Banishment for a saint
Despite having managed to stabilize again thanks to the offices of Count-Duke Olivares, Quevedo could not remain calm. At that time Santa Teresa was elected patron saint of Spain, Quevedo opposed and advocated for Santiago Apóstol. Olivares warned him not to interfere, but the poet manifested himself.
His pronouncement cost him exile in 1628. Quevedo was sent that time to the convent of San Marcos de León as an exile. However, despite their stubbornness, it was not long before their services were again required at the king’s court.
In 1632, due to the notoriety achieved, he was assigned the position of poet secretary to the king. The writer accepted it as his exclusive trade, refusing to do any other work than that.
Marriage, cheating and death
In 1634 Quevedo met Esperanza Mendoza, a widow, through Olivares’s wife. The dukes convinced him to woo her and they married; however, very shortly after the poet left him.
Between 1635 and 1639 there was a series of corruption events around Count-Duke Olivares. These events caused the hidalgo to doubt his closest circle, including, of course, the satirical poet.
In the year 1639 Quevedo was surprised in his bed, he did not have time to settle down. He was arrested by the royal guard and taken to the convent of San Marcos, where he served a 4-year sentence. He was charged with conspiracy, together with agents from France.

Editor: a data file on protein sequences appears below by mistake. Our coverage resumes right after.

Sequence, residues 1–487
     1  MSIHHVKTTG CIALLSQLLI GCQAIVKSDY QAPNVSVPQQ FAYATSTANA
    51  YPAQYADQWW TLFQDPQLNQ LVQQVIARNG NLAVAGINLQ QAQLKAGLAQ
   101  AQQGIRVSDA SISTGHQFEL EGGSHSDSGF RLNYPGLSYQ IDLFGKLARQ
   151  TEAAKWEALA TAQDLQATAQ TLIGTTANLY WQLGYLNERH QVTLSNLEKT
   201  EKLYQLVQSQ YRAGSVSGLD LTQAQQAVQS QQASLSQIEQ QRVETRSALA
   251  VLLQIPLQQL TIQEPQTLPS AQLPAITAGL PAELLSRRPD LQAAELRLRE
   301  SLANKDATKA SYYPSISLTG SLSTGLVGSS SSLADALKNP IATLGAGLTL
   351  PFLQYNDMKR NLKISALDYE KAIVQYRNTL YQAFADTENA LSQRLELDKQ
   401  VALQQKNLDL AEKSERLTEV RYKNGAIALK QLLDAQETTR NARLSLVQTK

The stay in jail crumbled Quevedo’s face, ending him completely. When he came out he was not even the shadow of what he had been previously. His humor and his pen seemed faded.
When he was released in 1643, he went to his estate in La Torre. Then he settled in the Villanueva de los Infantes area, where he later died, on September 8, 1645.
That brilliant mind was blown out of nowhere and disgraced in his later years. He died with none of the glory of old; However, his works still persist today as a clear example of ingenuity and perseverance.
Francisco de Quevedo’s work is extremely broad. It is not simply limited to the literary plane; Quevedo was a great thinker whose works spanned philosophy, politics, criticism, and ascetics, as well as dedicating himself to translation.
Below is a small compendium of all his works:
Quevedo is the owner of a vast poetic work, containing about 875 poems. In this he handled most of the poetic subgenres of his time: love, moral, immoral, funereal, descriptive, heroic and religious poetry.
During his lifetime, the First Part of the Flowers of Illustrious Poets of Spain was published in 1605. Most of his poems appeared posthumously in two books: El Parnaso español , in 1648; and The Three Last Castilian Muses , in 1670.